For those who would still prefer to vote by mail or drop box, complete information is available by clicking on or visiting www.ny.gov/early-voting-and-absentee-voting-mail-or-dropbox

For registered Quogue voters who wish to vote early in person, the nearest locations are at the Riverhead Senior Center, 60 Shade Tree Lane in Aquebogue, and the Stony Brook Southampton campus, 70 Tuckahoe Road in Southampton. Early voting begins on Saturday, October 24; the hours are the same at both locations, shown below. 

The hours for early voting in person at the Riverhead Senior Center in Aquebogue and at the Stony Brook Southampton campus.

Southampton Press to Videotape Goroff-Zeldin Debate
The 100 free “tickets” for the October 26 Express News Group Congressional Debate on Zoom were all snatched up just moments after they were made available on Wednesday, but do not despair. Video footage of the event will be posted at 27east.com afterward and will be available for viewing right up to Election Day. 

Nancy Goroff

That means that even those who intend to vote early will still have a chance to see the debate as soon as October 27 before heading off to one of the two nearby early voting locations. 

The debate will feature 1st Congressional District challenger Nancy Goroff (D) squaring off against the incumbent U.S. Representative Lee Zeldin (R), who is seeking reelection. Executive Editor Joseph Shaw will moderate the “roundtable” conversation, which will dispense with time limits and other restrictions to allow a more freeform conversation about the issues. 

Lee Zeldin

There is evidence indicating that political debates at the presidential level have historically had little effect on voters changing or making up their minds. Even so, At Quaquanantuck believes that when it comes to candidates vying to represent our district in Congress, it is immensely helpful to hear what they have to say and to see how they comport themselves. And there is benefit, too, in hearing how they defend themselves against the attacks previously levelled at them from a safe distance by their opponents prior to the debate.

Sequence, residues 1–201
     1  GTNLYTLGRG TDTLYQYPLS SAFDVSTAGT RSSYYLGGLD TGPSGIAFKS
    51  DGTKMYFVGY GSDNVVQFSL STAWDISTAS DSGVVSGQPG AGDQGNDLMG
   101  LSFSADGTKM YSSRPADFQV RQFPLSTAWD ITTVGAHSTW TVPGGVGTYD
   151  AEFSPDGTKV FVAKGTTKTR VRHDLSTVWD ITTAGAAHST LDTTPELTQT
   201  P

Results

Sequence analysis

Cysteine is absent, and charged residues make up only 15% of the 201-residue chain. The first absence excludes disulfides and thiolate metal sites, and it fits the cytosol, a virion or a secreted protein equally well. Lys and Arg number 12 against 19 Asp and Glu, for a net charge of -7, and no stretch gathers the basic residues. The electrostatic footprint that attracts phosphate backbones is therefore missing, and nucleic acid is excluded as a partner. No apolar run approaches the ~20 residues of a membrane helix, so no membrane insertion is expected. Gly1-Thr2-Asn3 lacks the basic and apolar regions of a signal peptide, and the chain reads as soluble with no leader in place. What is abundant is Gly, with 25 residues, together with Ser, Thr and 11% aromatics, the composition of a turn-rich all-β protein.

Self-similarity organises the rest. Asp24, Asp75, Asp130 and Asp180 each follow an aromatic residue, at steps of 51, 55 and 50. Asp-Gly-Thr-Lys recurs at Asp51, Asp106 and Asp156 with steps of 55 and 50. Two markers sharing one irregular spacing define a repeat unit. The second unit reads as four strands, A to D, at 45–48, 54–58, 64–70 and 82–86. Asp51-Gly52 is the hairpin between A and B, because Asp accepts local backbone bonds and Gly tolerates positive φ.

Be a better informed voter. Check out the video of the debate at 27east.com, which should be posted by Tuesday, October 27,  before you vote.


Septober sunset. —A. Botsford Photo

At Quaquanantuck Grateful for Your Support
This seems like a good place to offer my sincere thanks to all those who responded so generously to my request in the September 24 column for donations in the form of voluntary subscriptions to help me defray expenses and keep At Quaquanantuck always free for all who care to read it. 

Taking me at my word that no amount was too small or too large, almost two dozen readers have already sent in donations ranging from $30 to $300 (the equivalent of five voluntary annual “subscriptions” at the suggested “price” of $60) to support this free online publication, now being posted monthly. 

Meanwhile, I am continuing the appeal through the end of 2020, although it will be printed less obtrusively going forward at the bottom of the November and December columns. 

So, if you have the wherewithal, the column continues to have value for you in the monthly format, and you’d like to support keeping it a free resource for the community, please consider taking out or renewing a voluntary subscription (i.e. contribution) of $60 … or more … or less. 

Contributions may be made using PayPal by clicking here; with Venmo to user name Andrew-Botsford-1; or by check mailed to PO Box 1524, Quogue, NY 11959.